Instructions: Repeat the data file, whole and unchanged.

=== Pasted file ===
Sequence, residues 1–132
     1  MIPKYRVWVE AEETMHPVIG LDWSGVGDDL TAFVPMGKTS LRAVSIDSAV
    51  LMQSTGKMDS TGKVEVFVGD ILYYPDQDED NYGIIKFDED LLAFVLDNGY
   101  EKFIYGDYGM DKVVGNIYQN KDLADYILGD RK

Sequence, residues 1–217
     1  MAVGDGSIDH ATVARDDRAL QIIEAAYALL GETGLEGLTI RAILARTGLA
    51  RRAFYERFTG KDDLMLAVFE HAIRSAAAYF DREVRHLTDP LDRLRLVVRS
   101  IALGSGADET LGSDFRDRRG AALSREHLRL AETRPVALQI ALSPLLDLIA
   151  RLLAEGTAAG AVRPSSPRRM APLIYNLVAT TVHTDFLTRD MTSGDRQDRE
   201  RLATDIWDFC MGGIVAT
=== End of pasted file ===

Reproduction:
Sequence, residues 1–132
     1  MIPKYRVWVE AEETMHPVIG LDWSGVGDDL TAFVPMGKTS LRAVSIDSAV
    51  LMQSTGKMDS TGKVEVFVGD ILYYPDQDED NYGIIKFDED LLAFVLDNGY
   101  EKFIYGDYGM DKVVGNIYQN KDLADYILGD RK

Sequence, residues 1–217
     1  MAVGDGSIDH ATVARDDRAL QIIEAAYALL GETGLEGLTI RAILARTGLA
    51  RRAFYERFTG KDDLMLAVFE HAIRSAAAYF DREVRHLTDP LDRLRLVVRS
   101  IALGSGADET LGSDFRDRRG AALSREHLRL AETRPVALQI ALSPLLDLIA
   151  RLLAEGTAAG AVRPSSPRRM APLIYNLVAT TVHTDFLTRD MTSGDRQDRE
   201  RLATDIWDFC MGGIVAT